If I'd understood the doctrine of vocation when my own children were little, would I have found as much joy in my young children then as I find in my grandchildren now?


*I know some grandmothers live far from their grandchildren, so they can't be involved in their everyday care. If these are your circumstances, they are circumstances given you and your grandchildren by God. Your grandmotherly calling is different than mine, but just as significant. God is still providing for your grandchildren through your life—in your prayers, cards, letters, phone calls, gifts, visits, and more.

Wednesday, January 9, 2013

How Vocation Helps Housewives

"I'm just a housewife."

Have you ever said that?  I have.  Have you ever directed it in word or thought about somone else?  "Oh, she's just a housewife." I've also been on the receiving end of that comment.

The word "just" in that comment is not the legal use of the word.  The implication of that phrase is that being a housewife is somehow inferior work. In a society which values work based on earning potential, it is not surprising that the role of housewife may be seen as inferior.

Often, we try to come up with terms to legitimize it, like calling ourselves "Domestic Divas" or "Household Engineers."  Sometimes, we spend energy calculating how much money it would cost to replace us in the home.  I don't care for either approach. I believe the principle of vocation provides the best way to understand the occupation.

Vocation is the principle that God calls people to areas of work as part of their lives of faith.  The word comes from the Latin, voco, "to call out." Check out our own Rebecca's very useful Theological Term of the Week page for further clarification.  Both Martin Luther and the Puritans developed doctrines of vocation.  William Perkins, a Puritan, defines it: "a certain kind of life, ordained and imposed on man by God, for the common good."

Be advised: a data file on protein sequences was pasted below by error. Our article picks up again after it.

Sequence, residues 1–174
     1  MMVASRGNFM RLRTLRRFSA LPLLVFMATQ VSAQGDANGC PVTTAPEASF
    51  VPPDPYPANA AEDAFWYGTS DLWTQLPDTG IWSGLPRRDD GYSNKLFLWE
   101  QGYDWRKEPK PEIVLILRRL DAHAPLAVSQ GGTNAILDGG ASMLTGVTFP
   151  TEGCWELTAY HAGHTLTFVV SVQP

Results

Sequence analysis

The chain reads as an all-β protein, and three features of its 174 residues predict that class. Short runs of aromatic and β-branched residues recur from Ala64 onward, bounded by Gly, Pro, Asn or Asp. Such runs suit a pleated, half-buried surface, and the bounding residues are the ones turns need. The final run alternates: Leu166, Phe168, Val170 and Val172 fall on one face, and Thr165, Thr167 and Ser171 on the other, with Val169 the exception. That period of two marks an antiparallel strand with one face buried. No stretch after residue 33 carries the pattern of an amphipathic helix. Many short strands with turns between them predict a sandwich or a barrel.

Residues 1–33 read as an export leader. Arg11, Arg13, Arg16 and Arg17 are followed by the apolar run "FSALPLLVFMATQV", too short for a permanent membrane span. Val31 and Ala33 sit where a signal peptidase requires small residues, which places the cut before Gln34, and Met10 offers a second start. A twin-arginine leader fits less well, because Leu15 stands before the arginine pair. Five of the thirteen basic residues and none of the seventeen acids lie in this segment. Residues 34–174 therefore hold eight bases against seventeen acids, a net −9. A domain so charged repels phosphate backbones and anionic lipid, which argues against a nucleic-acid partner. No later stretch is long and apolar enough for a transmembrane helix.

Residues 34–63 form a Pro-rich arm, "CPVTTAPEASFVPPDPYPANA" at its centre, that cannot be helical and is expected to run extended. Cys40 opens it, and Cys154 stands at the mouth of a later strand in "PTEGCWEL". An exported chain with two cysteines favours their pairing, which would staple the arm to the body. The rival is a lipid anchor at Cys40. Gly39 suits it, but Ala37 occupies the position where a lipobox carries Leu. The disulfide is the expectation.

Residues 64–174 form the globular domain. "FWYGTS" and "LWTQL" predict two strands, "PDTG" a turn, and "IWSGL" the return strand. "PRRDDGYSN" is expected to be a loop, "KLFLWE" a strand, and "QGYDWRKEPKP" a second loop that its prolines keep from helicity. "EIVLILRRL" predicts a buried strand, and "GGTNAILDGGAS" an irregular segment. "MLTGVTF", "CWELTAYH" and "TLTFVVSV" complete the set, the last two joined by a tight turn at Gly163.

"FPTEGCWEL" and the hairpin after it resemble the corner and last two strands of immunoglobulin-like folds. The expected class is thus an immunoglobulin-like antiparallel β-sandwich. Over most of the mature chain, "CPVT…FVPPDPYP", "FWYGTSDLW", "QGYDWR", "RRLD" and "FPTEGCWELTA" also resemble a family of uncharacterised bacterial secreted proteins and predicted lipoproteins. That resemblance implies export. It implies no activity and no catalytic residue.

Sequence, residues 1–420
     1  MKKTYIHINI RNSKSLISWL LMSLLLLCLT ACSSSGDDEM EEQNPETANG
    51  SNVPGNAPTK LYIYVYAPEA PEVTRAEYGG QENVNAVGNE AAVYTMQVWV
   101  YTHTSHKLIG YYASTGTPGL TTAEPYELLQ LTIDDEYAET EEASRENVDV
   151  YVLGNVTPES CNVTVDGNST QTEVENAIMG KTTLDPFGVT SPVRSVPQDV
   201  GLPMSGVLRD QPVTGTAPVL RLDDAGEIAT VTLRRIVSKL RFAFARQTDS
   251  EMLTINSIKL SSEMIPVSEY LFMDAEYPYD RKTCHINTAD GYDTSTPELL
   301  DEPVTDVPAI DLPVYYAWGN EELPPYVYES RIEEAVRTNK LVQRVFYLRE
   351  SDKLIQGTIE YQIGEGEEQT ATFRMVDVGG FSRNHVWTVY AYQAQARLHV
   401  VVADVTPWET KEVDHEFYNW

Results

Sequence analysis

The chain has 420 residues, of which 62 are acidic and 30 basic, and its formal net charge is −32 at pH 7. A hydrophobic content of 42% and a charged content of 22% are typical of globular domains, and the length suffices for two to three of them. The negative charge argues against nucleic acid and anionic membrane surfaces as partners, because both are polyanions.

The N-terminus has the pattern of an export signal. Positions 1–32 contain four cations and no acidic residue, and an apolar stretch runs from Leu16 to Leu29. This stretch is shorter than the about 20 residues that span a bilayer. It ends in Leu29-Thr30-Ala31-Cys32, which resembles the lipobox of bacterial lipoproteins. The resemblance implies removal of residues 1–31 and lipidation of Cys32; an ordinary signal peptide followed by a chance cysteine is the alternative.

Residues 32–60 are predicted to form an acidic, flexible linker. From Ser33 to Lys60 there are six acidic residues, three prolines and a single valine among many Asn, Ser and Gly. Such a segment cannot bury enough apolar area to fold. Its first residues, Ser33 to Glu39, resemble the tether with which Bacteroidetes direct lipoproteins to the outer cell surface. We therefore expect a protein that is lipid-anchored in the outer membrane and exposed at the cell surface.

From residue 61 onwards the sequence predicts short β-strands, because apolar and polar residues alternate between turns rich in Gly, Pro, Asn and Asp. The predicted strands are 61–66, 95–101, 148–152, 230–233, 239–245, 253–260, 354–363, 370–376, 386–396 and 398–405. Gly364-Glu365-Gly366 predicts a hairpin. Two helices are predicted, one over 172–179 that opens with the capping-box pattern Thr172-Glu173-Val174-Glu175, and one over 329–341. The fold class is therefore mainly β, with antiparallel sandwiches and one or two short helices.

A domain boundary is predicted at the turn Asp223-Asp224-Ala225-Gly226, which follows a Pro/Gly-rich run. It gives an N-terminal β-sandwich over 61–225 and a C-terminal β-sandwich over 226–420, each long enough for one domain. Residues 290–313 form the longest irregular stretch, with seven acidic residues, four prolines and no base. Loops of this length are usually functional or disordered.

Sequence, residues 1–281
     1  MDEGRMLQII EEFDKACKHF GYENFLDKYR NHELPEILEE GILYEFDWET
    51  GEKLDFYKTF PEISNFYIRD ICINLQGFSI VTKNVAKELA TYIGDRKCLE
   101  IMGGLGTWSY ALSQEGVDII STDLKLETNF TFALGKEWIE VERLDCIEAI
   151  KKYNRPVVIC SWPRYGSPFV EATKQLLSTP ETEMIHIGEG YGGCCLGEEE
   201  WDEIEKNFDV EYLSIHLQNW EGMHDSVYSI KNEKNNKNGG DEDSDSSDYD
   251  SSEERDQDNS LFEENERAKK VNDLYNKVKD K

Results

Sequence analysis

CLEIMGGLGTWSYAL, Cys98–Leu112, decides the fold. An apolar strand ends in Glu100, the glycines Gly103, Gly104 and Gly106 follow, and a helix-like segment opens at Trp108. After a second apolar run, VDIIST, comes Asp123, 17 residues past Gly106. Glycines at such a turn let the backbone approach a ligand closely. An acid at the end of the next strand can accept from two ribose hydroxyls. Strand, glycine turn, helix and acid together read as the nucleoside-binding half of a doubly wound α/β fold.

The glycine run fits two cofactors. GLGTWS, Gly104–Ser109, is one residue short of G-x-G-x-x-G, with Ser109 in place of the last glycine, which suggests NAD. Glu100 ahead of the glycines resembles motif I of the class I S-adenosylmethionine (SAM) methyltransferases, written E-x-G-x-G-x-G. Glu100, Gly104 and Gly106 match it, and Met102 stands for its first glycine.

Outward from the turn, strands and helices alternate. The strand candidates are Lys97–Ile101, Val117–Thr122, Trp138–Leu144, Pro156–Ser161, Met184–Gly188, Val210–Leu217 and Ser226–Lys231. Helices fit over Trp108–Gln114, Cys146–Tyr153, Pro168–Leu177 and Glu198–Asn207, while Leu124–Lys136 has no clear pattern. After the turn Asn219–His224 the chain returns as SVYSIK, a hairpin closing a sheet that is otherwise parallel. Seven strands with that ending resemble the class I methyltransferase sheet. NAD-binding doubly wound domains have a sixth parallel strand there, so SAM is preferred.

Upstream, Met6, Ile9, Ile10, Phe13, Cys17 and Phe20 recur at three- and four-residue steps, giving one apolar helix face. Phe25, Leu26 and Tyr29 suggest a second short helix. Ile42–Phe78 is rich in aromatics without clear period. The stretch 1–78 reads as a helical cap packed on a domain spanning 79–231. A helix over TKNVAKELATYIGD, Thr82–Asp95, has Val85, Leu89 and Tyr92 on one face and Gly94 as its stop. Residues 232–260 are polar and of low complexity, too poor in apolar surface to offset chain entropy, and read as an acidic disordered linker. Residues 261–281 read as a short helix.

Perkins highights two of the most important principles regarding vocation: who determines it and its purpose. Luther stated the purpose of vocation is to benefit our neighbour.  The Puritans looked at work as being something to serve the common good.  Our vocations are not something we choose for ourselves. They arise out of not only what the Puritans called our "inward inclinations," but also the circumstances in which God has placed us.  As Christians, there is the general calling to faith (2 Thess. 2:13-15) and within that, there is a particular calling to a specific life in Christ (1 Cor. 7:17), both controlled by God.  The process by which we arrive at our vocations is overseen by God, who ordains our circumstances. For example, while there was a point at which I made a decision to leave my job to stay at home full time, the reality is that God ultimately made it possible.  He is the one who placed me into a circumstance where it was financially possible, and He is the one who gave me the temperament to be at home. We may think we choose entirely on our own, but the opportunities from which we make these decisions are at the behest of God.

God also gives us multiple vocations, as Gene Edward Veith points out in his book God At Work:
In the family, a woman may have a calling to be a wife, which is a task in itself, but she may also have a calling to be a mother, a vocation that involves different tasks in a different kind of relationship.  She may also be a daughter to her mother, a vocation that does not end with adulthood, but only when the parent dies. She might become a grandmother to her daughter's children.  Then there is her relationship with her brothers and sisters, the whole extended family.  These are all holy callings and gifts of God.